Barton suggests “marriages between capitalism and education” accentuates commercialism “at the expense of social justice and human dignity” (2001, 847). Due to this massive corporate movement, newly trained teachers are going out into the field with little or no skills or knowledge related to thoughtfulness, criticality, cultural responsiveness, and caring for young individuals with whom they work (Trainer 2012). These mandates and standardization are very relevant in UW-Stout’s teacher education. As instructors, we are more focused on supporting our pre-service teachers to pass the edTPA rather than developing intercultural sensitivity and competence in cultural diversity, inclusion etc. Although we include and teach topics, such as differentiation and adaptations to help pre-service teachers plan appropriate lessons for young children, we forget to include the important pedagogy of care in our lectures. In the absence of care, celebrations of differences and support for diverse children cannot be possible as minority children will always need differentiation and adaptations. Weiner states, targeting “specific students, those presumed to need extra help” is an assumption that “poor, minority children do not succeed in schools because they and their families are defective” (2007, 276). This is true in our teacher education, since we direct our pre-service teachers to focus on meeting specific and targeted needs of academically challenged children in technical and robotic ways rather than guiding them to look for reasons behind that need – in other words, we intentionally tell them to forego care and avoid relationships; we are teaching teachers to identify weaknesses of students rather than guiding them to work with the strengths of students.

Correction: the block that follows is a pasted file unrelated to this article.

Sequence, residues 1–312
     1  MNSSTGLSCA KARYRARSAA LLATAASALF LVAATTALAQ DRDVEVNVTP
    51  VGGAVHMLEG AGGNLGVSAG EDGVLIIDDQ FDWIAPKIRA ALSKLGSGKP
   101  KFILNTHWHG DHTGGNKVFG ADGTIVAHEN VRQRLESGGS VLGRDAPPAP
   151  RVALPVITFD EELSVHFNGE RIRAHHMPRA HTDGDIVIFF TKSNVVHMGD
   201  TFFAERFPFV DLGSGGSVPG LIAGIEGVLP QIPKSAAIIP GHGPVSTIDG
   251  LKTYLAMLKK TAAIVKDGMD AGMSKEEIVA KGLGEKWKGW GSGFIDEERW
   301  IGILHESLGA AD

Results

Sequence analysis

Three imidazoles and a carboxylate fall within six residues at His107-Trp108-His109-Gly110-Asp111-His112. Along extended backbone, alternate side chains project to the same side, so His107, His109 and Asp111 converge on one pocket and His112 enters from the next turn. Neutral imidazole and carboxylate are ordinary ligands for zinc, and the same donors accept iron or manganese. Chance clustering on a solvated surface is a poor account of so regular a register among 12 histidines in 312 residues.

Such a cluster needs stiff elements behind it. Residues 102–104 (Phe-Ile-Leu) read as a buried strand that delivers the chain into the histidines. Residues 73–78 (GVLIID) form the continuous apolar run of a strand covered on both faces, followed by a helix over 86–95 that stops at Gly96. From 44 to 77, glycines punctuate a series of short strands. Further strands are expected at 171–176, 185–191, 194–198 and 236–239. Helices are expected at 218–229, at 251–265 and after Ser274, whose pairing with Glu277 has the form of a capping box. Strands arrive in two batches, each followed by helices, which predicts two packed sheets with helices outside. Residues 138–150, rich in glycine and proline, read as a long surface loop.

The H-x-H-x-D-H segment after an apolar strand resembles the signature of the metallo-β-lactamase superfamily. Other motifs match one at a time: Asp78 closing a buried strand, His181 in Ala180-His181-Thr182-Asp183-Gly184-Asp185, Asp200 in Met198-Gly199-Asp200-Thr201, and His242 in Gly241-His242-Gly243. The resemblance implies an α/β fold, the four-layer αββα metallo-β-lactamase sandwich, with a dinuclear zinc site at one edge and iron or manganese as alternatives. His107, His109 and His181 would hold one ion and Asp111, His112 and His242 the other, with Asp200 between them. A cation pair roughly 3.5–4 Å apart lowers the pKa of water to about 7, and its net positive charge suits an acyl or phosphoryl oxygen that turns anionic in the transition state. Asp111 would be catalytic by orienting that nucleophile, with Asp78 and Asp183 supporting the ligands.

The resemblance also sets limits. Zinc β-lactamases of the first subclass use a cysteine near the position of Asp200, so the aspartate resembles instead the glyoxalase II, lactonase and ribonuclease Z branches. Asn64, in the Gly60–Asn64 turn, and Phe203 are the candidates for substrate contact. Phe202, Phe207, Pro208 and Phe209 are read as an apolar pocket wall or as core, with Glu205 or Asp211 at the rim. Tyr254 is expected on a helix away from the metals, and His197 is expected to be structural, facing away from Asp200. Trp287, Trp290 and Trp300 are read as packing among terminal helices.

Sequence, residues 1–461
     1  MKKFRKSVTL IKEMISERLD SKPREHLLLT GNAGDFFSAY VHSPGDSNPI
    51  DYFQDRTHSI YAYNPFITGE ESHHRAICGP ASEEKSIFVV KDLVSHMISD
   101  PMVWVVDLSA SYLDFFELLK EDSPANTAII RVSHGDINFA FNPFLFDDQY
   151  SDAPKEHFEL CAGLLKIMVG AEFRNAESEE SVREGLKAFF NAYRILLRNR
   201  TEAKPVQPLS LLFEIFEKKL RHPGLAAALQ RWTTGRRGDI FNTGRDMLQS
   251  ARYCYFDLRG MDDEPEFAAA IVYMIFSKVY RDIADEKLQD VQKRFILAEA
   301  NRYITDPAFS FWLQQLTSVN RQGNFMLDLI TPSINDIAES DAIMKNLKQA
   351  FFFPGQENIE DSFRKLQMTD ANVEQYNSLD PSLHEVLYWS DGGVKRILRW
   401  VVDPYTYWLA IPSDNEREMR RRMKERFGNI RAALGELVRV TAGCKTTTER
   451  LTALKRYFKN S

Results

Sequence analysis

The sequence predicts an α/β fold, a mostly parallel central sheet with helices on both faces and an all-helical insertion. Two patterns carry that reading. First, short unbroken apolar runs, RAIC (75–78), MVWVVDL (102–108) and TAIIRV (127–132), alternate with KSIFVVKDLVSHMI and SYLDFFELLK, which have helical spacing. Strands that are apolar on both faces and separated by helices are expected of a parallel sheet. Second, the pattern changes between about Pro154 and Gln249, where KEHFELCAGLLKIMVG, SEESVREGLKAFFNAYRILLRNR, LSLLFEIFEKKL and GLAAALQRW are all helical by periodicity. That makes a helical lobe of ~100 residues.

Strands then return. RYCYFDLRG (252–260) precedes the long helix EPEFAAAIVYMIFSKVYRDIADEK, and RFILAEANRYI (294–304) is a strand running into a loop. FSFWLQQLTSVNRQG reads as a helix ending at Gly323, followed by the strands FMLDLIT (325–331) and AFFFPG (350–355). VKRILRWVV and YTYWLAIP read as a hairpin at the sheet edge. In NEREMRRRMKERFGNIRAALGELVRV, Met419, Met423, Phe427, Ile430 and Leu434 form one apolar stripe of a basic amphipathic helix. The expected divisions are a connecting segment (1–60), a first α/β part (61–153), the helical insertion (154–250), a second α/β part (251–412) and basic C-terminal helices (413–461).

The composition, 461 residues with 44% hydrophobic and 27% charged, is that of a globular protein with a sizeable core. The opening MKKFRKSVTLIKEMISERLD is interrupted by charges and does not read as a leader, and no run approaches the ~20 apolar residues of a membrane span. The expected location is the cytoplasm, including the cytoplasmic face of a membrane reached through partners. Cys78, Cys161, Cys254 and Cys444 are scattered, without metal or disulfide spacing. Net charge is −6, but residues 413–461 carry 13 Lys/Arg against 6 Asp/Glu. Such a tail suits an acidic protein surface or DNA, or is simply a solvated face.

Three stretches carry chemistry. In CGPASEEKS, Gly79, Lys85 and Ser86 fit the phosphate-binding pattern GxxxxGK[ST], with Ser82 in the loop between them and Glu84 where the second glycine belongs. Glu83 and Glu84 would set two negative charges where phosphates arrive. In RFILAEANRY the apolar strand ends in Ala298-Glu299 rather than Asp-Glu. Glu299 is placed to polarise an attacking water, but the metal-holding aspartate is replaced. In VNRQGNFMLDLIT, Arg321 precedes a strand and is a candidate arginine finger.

With the mandated assessments, we are moving further and further away from developing meaningful relationships with students. We are negating the value of critical self-reflection, intentionality, flexibility and care. This could very well be one of the reasons that many of my students declared that all they had to do was learn a few words of another language, hang pictures and have some cultural items to accommodate diverse groups of children. According to high volumes of research, many parents want more for their children than just a score on a standardized test (Zeichner 2006). Zeichner adds that focusing on higher test scores eliminates teachers from supporting their students in achieving success in other important areas such as “social learning, aesthetic learning and civic learning” (2006, 333). We cannot only focus on preparing “good enough” teachers who are “low-level technicians” adjusting to the needs of specific minority children but must also support our pre-student teachers in understanding the complexity of the teaching profession and its intimate relation to care and empathy (Zeichner 2006, 333; see also Hartlep et al. 2015). Hence, I argue that, if our teachers are to become successful leaders, it is critical for them to care about the children and families with whom they work by becoming knowledgeable about their culture, their backgrounds and their values. We must encourage teachers to move away from the deficit model of working with the weaknesses of children from poor and marginalized groups. Pre-service teachers must be guided to investigate their biases through critical reflections and discussions about their own cultures, backgrounds and their life experiences. They must be encouraged to be sensitive towards others and their cultures and to be competent in navigating the changing demographics and contribute towards bridging the widening gaps between cultures, ethnicities and socio-economies.These would then enhance efficiency, professionalism, flexibility and intentionality.